John David Chambers MA.FSA  - The Theological and Philosophical Works of Hermes Trismegistus

John David Chambers MA.FSA - The Theological and Philosophical Works of Hermes Trismegistus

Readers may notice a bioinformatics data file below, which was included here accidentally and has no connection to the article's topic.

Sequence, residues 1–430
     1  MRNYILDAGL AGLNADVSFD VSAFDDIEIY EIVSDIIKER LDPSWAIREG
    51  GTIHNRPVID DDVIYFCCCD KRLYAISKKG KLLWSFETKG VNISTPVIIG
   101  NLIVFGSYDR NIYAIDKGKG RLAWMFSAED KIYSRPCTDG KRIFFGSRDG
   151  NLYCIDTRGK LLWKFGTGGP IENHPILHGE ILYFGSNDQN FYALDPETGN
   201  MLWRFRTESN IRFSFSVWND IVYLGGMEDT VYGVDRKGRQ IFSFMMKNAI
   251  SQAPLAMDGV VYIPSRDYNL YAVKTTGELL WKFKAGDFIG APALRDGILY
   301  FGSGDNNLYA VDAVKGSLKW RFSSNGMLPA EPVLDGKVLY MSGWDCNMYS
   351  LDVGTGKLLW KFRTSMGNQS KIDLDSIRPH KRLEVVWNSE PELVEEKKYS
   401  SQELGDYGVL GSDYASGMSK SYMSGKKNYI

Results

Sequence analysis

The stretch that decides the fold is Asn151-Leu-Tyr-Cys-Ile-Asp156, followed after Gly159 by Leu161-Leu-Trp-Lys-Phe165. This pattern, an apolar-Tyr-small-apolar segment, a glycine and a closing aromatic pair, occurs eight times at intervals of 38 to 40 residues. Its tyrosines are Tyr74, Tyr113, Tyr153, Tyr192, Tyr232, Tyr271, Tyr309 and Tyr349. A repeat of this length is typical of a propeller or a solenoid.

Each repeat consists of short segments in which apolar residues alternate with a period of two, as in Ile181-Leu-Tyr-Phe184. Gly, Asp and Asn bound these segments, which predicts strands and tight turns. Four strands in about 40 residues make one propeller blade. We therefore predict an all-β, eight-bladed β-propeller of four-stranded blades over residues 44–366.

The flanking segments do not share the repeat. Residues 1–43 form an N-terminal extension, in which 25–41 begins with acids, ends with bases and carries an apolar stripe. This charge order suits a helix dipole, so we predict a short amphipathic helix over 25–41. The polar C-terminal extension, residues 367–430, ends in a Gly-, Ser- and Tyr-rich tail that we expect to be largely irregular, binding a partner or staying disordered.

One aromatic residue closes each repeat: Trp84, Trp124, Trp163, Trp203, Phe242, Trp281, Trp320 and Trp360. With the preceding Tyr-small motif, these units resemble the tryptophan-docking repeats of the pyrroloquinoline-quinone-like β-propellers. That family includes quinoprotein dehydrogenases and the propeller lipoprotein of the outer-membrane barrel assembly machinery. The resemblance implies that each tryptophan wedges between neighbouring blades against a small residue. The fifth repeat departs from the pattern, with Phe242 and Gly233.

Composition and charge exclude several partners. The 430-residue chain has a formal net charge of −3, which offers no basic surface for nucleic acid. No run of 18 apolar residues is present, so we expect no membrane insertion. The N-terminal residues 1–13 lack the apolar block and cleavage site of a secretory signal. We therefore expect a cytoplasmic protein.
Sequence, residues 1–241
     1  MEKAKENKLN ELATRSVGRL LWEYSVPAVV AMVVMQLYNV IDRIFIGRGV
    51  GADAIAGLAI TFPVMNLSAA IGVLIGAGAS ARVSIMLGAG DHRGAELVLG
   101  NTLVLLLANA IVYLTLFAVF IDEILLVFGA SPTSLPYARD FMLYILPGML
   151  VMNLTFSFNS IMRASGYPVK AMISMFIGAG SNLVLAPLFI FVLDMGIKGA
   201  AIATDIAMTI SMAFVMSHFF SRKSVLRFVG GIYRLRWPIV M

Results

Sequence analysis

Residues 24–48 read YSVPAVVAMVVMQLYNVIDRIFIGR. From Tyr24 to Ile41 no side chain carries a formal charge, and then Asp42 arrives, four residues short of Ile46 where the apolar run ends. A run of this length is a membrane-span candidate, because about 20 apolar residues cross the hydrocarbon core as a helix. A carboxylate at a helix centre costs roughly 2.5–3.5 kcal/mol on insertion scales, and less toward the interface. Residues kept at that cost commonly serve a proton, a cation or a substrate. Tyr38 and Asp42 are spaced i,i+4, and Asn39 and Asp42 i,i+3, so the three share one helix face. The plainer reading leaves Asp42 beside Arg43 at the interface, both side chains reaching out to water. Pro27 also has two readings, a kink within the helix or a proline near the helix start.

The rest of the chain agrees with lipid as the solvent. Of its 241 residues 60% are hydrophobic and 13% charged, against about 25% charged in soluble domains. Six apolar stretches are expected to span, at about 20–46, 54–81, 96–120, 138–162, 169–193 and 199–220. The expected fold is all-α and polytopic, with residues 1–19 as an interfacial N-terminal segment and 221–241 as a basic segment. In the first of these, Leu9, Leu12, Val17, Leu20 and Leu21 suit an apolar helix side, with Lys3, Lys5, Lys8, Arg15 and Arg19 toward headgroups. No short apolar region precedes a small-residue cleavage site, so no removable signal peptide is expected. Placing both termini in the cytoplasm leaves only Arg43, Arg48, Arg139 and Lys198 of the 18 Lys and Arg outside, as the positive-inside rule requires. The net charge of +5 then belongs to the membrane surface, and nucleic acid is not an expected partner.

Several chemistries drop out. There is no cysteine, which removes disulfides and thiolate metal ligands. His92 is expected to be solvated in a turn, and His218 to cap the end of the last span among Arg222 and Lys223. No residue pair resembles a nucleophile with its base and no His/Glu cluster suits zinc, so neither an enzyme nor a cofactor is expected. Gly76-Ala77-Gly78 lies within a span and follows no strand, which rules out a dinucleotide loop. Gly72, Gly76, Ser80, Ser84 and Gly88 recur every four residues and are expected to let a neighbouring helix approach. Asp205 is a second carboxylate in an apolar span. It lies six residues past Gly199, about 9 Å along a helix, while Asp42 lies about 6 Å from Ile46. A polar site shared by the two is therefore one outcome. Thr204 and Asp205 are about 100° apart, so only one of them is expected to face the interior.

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he Hermes Trismegistus of legend was a person, an Egyptian sage or succession of sages, who, since the time of Plato, has been identified with Thoth, the reputed author of the “Ritual of the Dead”, or, as styled in Egyptian phraseology, the “Manifestation of Light” to the Soul, who through it declared the will of the Gods and the mysterious nature of Divine things to Man. This Hermes – and there was but one among the ancient Egyptians – was worshipped as a god. Tertullian says, “In ancient times most authors were supposed to be, I will not say god-like, but actually gods; as, for instance, the Egyptian Hermes, to whom Plato paid very great deference.” Clement of Alexandria gives a detailed account of his works, forty-two in number – four of astrology, others of astronomy, geology, and hieroglyphics, and thirty-six of philosophy, hymns to God, religious ceremonies, and sacerdotal discipline. He was most fully imbued with every kind of learning, so that the knowledge of many subjects and arts acquired for him the name of “Trismegistus”. Hermes must have been a Greek living at Alexandria, subsequently to Philo Judaeus and Josephus, in the end of the 1st and beginning of the 2nd century; who assumed the name of Hermes in order to give greater weight to his teaching. Many, including early church fathers and editors of Hermes, may have been misled as to his great antiquity by the hieroglyphical representations of him; but the facts that the use of these characters lasted in Egypt down to the tenth year of Diocletian at the least, and that, the ordinary writing on papyrus in the National Library at Paris, some of which is entirely in Greek is not earlier than the times of Nero, refute their suppositions. It is quite impossible that an author who shows an intimate acquaintance with the phraseology of Plato, with the Hebrew Scriptures as extant in the Septuagint version, who reproduces the language of the Sermon on the Mount and of the Gospel, Epistles, and Revelation of St. John, and of St. Paul, can have flourished at so early a period. Many of the works of Hermes are probably still entombed in the libraries on the Continent; but those which have come to light, and are translated, are most remarkable and of very considerable importance, since they are the only treatises we possess of the kind belonging to that epoch.